Database Open Access

MICRO Motion capture data from groups of participants standing still to auditory stimuli (2012)

Victor Gonzalez Agata Zelechowska Alexander Refsum Jensenius

Published: Oct. 5, 2020. Version: 1.0


When using this resource, please cite: (show more options)
Gonzalez, V., Zelechowska, A., & Jensenius, A. R. (2020). MICRO Motion capture data from groups of participants standing still to auditory stimuli (2012) (version 1.0). PhysioNet. https://doi.org/10.13026/4h9d-gf10.

Please include the standard citation for PhysioNet: (show more options)
Goldberger, A., Amaral, L., Glass, L., Hausdorff, J., Ivanov, P. C., Mark, R., ... & Stanley, H. E. (2000). PhysioBank, PhysioToolkit, and PhysioNet: Components of a new research resource for complex physiologic signals. Circulation [Online]. 101 (23), pp. e215–e220.

Abstract

This dataset comprises head motion observations collected as part of an experiment in which a group of people were asked to stand still for 6 minutes, with the first 3 minutes in silence, followed by 3 minutes with music. Head motion was captured in units of mm at 100Hz using a Qualisys infra-red optical system. The experiment was carried out at the University of Oslo on March 8th 2012 from a total of 113 participants. Code to read and process these files is available. The paper corresponding to the work is Jensenius et al., "The Musical Influence on People's Micromotion when Standing Still in Groups", Proceedings of the 14th Sound and Music Computing Conference (2017).


Background

It is commonly assumed that listening to musical sound, and particularly dance music with a clear pulse, makes us move. However, most empirical studies of music-induced motion have mainly focused on voluntary and fairly large-scale movement. This dataset was collected as part of a study which aimed to investigate the effects of music stimuli on movement when participants try to remain at rest. We collected data through optical motion capture from groups of people instructed to stand as still as possible with and without music stimuli. We then looked at the differences in movement between conditions.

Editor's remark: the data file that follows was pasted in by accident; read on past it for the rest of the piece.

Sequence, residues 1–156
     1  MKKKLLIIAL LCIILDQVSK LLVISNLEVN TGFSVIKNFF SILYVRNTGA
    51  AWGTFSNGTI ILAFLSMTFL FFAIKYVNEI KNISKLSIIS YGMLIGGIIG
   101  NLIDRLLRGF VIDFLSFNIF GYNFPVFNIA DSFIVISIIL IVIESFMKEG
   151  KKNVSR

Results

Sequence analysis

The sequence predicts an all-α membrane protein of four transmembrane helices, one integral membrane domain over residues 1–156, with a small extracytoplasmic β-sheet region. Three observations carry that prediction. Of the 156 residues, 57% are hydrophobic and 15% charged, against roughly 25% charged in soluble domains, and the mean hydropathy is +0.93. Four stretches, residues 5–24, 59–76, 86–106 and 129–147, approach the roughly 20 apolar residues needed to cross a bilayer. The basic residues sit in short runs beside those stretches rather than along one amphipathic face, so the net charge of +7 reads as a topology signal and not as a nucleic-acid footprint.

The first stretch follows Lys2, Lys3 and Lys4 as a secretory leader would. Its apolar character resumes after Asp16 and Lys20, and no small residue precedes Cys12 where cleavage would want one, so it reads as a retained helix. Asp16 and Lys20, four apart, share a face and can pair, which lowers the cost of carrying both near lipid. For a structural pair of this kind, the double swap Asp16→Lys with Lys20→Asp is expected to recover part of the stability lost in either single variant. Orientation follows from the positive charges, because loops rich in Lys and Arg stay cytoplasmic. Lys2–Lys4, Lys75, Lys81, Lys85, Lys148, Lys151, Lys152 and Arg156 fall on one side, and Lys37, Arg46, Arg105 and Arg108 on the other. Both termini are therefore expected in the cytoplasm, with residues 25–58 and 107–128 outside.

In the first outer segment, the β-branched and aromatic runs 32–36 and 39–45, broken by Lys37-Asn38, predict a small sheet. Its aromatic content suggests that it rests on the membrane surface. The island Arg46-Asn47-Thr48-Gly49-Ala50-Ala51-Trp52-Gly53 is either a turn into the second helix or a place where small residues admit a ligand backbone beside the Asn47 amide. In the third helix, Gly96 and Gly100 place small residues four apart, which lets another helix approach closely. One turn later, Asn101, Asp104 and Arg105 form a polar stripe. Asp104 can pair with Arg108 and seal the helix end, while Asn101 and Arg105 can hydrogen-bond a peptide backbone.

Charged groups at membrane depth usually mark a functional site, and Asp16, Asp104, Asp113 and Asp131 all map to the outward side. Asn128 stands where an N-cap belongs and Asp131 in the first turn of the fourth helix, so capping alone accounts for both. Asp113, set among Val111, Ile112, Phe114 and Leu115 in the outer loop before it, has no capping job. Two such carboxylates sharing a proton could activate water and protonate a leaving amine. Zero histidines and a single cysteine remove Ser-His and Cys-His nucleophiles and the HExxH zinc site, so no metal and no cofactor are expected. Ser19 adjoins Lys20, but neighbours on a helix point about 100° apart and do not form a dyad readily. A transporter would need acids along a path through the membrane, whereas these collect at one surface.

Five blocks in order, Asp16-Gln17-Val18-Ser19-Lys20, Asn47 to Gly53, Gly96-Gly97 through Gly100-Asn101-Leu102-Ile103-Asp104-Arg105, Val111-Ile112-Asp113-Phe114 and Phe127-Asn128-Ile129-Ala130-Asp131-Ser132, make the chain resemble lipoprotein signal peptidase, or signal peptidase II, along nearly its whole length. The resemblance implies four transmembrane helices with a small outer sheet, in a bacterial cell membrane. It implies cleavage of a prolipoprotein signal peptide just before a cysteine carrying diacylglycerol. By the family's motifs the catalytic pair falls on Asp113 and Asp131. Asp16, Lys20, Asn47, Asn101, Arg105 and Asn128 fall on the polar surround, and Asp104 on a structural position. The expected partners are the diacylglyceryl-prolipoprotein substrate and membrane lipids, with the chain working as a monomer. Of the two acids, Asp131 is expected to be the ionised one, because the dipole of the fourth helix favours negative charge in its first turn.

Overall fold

Methods

For a full description of the methods, see [1]. To summarize, we recruited 113 participants during the Open Day at the University Oslo after approval by the Norwegian Center for Research Data (NSD), with project identification number NSD2457. The instantaneous position of a reflective marker placed on the head of each participant was recorded using a Qualisys infrared motion capture system (13 Oqus 300/500 cameras) running at 100 Hz. The data were recorded in 8 groups of 12-17 participants at a time.

Participants were asked to stand as still as possible for 6 minutes, starting with 3 minutes in silence and followed by 3 minutes with music. Participants were aware that music would start after 3 minutes, and were free to choose their standing posture. The distribution of participants in the recording space was standardized across trials with marks on the floor indicating the approximate feet position. The motion capture system was triggered and stopped automatically with the stimuli playback system, thus all recordings are exactly 6 minutes long.

Experimental stimuli

The stimuli used in the experiment were:

  • A. 00:00-03:00: Silence.
  • B. 03:00-06:00: Musical excerpts:
  1. Lento (#3) from György Ligeti Ten Pieces for Wind Quintet (20s)
  2. Allegro con delicatezza (#8) from György Ligeti Ten Pieces for Wind Quintet (15s)
  3. Adagio from Joaquin Rodrigo's Concierto de Aranjuez (40s)
  4. Winter movement from Vivaldi's The Four Seasons (20s)